When I was a kid my mom volunteered with CARE (Central Alberta Refugee Effort) helping families who had just immigrated to Red Deer to get settled in. She'd go to various stores and services with them and help them get acquainted with how things worked, where things were. I'm sure they would have figured it all out on their own, but, having moved to a Strange Country myself, I can see the appeal of having a friendly local to show you the ropes. We've lived here for three years and a trip to the cleaning products aisle still does my head in.
I don't remember if I met many of the families my mom met, but I do remember one family very well, and I think they had quite a profound impact on me. They were a small family - mom, dad, little boy who must have been a bit younger than my brother at the times - from Vietnam. This would have been in the late Eighties. They had some family in Canada but had (for whatever reason) landed in Red Deer. I cannot imagine what it must have been like to arrive in Red Deer, Alberta, Canada. I hope they arrived in summer. It's beautiful in it's own way, but Alberta is flat prairie land and the winter's are harsh and cold and bleak and the grey of the sky blends into the grey of the houses and the grey of the snow and it can break your heart. They had pictures in their flat of Vietnam, I remember a calendar, and it looked lush and warm and full of life.
The mother made food the likes of which I had only ever had in restaurants. And she made it every day, like it was nothing special at all. This fascinated me.
I'm sure she made plenty of dishes but all I really remember were the summer rolls. I remember taking them home by the plate load and my dad devouring them. She never wanted to come eat at our house. I don't think they liked Canadian food. But she did come over and make chocolate chip cookies with us. An odd cultural exchange that, chocolate chip cookies for summer rolls. Eventually they moved out to BC to be closer to family and when they left I think that was the last we ever heard of them.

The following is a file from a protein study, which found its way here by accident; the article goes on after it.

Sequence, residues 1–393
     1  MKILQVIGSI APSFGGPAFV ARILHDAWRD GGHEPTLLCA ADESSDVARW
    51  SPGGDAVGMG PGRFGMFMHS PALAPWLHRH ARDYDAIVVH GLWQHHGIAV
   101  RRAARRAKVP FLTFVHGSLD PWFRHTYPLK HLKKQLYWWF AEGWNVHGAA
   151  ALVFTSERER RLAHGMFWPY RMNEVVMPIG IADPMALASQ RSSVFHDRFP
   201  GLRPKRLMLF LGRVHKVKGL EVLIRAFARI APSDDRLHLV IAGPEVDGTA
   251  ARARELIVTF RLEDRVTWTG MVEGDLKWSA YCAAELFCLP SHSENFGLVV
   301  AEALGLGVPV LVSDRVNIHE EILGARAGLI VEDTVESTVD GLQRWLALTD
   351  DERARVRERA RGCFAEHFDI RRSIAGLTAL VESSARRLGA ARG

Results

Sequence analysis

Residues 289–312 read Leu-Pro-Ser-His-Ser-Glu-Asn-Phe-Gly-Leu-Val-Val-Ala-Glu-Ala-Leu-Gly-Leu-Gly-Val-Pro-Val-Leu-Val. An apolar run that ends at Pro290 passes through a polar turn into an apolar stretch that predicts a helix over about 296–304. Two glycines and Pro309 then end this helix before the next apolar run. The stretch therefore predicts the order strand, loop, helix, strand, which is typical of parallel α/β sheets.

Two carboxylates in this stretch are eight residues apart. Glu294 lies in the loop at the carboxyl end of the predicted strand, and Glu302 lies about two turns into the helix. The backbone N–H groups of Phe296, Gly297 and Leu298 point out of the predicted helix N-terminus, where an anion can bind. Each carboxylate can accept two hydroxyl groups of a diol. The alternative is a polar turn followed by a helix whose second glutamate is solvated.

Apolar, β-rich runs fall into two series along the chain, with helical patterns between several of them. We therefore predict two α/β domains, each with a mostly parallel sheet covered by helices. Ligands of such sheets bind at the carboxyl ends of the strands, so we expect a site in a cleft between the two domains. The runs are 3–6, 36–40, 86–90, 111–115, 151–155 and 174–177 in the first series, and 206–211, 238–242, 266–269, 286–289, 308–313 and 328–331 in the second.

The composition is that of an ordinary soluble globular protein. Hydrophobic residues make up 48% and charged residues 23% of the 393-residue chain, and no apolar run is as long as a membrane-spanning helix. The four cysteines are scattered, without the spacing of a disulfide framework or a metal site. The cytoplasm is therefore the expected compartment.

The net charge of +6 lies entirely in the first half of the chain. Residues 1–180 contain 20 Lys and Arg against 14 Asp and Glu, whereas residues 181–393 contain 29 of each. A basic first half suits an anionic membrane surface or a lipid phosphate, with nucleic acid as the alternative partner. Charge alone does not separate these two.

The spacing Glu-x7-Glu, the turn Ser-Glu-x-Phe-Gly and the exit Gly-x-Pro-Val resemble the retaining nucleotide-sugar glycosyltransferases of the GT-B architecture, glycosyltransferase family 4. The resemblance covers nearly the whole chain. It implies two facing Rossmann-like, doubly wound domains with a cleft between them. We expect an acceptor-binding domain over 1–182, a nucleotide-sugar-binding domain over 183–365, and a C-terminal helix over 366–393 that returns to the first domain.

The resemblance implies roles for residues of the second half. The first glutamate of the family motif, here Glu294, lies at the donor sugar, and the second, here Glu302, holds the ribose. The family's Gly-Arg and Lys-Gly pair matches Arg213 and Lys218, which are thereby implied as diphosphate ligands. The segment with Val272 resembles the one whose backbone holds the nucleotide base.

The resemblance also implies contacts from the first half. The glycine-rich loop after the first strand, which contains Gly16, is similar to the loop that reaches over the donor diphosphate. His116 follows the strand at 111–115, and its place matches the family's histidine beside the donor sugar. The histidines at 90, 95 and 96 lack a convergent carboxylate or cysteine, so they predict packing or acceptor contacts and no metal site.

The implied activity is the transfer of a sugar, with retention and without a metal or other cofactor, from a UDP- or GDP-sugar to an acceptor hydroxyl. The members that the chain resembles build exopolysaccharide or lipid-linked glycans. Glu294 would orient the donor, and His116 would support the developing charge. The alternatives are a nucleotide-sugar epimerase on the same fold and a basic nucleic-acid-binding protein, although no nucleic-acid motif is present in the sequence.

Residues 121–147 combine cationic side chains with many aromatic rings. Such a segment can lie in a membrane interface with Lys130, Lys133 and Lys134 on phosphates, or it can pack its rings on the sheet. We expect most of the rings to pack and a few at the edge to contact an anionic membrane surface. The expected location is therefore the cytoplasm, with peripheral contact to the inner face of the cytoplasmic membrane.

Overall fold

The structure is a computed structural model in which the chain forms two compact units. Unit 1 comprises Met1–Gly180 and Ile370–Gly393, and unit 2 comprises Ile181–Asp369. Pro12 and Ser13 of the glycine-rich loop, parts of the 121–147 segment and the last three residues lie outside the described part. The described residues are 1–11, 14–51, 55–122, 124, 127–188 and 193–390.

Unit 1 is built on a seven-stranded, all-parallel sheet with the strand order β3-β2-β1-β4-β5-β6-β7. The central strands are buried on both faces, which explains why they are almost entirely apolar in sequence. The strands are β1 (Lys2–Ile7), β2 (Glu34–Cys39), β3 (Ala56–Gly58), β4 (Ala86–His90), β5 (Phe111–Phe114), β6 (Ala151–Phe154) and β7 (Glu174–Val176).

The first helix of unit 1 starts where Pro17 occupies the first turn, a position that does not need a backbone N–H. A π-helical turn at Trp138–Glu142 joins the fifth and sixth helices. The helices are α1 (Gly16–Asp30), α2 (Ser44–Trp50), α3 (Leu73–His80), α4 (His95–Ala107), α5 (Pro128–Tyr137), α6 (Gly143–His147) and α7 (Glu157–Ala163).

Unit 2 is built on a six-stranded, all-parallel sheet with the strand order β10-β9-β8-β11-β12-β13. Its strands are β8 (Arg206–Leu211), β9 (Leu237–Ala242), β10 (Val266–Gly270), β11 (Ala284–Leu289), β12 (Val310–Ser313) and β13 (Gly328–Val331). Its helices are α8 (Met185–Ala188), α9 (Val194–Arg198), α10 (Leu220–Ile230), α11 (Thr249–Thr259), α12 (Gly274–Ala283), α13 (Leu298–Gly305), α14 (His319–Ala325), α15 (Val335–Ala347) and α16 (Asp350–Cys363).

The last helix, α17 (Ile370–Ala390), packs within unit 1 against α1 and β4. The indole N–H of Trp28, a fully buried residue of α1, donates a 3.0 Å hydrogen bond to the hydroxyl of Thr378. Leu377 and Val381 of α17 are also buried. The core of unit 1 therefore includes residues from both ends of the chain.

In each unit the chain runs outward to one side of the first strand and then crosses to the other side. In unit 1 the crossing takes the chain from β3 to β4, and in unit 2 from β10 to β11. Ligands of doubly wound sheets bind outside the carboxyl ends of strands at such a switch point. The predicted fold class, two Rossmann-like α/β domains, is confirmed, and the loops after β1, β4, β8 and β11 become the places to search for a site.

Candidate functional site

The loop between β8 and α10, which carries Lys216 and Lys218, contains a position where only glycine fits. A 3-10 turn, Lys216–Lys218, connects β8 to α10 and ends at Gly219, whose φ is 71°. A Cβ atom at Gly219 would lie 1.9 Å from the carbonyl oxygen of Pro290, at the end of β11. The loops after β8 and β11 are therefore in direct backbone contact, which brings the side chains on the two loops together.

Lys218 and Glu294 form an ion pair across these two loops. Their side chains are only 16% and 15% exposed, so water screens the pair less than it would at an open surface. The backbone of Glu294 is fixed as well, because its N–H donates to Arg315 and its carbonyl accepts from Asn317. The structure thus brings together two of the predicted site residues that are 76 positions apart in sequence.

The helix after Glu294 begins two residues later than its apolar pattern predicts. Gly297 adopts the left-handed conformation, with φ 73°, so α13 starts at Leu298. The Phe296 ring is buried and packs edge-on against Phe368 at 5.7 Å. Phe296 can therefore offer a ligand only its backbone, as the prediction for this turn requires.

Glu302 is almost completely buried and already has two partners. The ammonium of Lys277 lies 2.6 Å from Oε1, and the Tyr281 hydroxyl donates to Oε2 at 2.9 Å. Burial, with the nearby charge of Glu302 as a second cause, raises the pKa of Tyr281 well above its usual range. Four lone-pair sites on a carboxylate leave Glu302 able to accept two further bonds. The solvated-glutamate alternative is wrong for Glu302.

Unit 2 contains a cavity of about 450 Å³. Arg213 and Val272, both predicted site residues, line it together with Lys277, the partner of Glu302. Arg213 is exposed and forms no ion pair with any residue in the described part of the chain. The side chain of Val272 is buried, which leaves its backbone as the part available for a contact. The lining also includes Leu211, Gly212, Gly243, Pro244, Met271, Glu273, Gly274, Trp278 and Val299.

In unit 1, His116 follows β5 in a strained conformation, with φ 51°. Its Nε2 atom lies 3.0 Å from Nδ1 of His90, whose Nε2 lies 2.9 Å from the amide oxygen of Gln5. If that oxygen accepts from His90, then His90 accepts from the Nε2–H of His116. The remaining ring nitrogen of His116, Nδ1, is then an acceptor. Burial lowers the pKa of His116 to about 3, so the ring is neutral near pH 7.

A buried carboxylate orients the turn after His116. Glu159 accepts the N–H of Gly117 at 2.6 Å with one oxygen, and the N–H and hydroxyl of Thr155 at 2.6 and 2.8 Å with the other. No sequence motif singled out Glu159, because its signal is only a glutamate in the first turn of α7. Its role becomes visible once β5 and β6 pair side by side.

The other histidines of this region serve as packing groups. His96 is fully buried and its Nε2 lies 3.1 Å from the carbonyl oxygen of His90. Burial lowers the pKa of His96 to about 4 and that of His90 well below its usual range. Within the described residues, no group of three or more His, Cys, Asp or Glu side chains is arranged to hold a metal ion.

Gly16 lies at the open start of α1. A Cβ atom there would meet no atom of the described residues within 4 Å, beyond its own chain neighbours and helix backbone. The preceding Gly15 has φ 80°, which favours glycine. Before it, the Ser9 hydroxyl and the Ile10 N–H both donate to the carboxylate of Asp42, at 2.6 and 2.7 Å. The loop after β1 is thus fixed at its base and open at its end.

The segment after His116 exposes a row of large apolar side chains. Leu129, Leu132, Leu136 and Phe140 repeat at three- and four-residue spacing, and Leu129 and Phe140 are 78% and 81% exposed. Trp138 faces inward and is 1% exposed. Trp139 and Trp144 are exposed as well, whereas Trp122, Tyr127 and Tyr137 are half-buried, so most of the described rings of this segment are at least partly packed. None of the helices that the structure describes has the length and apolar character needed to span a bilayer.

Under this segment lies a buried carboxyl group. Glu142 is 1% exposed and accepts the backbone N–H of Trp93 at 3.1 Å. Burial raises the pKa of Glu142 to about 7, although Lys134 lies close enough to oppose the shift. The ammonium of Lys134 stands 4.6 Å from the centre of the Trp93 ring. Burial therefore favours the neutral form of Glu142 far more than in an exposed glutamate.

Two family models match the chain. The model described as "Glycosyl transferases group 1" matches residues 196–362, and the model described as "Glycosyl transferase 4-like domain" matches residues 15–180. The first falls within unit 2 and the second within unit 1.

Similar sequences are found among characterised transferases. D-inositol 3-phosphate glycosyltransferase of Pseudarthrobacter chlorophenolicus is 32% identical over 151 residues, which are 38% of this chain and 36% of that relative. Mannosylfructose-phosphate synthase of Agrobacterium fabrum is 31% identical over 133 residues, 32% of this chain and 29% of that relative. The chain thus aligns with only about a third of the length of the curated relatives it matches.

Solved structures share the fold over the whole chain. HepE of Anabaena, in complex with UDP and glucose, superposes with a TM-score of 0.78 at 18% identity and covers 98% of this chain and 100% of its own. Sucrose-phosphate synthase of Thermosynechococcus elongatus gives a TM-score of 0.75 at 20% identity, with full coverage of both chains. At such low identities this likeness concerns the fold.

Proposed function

But I can think of no other solid reason of my deep held need to one day go to Vietnam.
In the meantime I like Vietnamese food and while I have read a number of books, I've never delved into cooking it myself. So when Uyen of Fernandez & Leluu posted that she was going to be holding Vietnamese cooking classes, I was delighted with the opportunity!
|Building summer rolls|
|Building the Green papaya salad with carrot, prawns and chicken|
|Possibly my favourite thing to eat that day|
Uyen took us to a nearby Vietnamese grocery store where we all picked up foreign items and asked her how and what and is it delicious? I am so excited about the prospect of heading back and walking out with my arms laden with treasures. I think that just that little bit of knowledge will make me feel quite a bit more adventurous and I might start buying random unknown things and bringing them home to test.
|Stir Fried Tofu, Oyster Mushrooms & Asparagus In Oyster Sauce and Steamed Chicken with Poached greens - and brilliant accompanying sauce|
I loved what Uyen had to say about the etiquette of eating. You take only what you will eat at that moment, and don't load your dish up with a mountain of food. This feels elegant, but also beautifully communal because it makes you interact with the other diners at your table and takes your face out of your plate.
|Dinner table begins to come together|
Both Uyen and Ute, one of the other students who writes at Hungry in London, wrote posts about the day.
The full menu for the day:
Sweet Basil Drink
Green Papaya, Prawn Salad
Catfish Hot & Sour Soup
Pan Fried Fish & Fish Sauce With Steamed Rice
Sweet & Sour Ribs With Vegetable Stir Fry
Beef in Lemongrass & Peanut Rolled in Betal Leaves
Rehydrated Logans, Seaweed & Jelly Dessert
The best part? I can actually see myself making some of these dishes at home. Vietnamese feast at C&L?
|Rehydrated Longans, Lotus Seed, Jelly and Wakame with Pandan|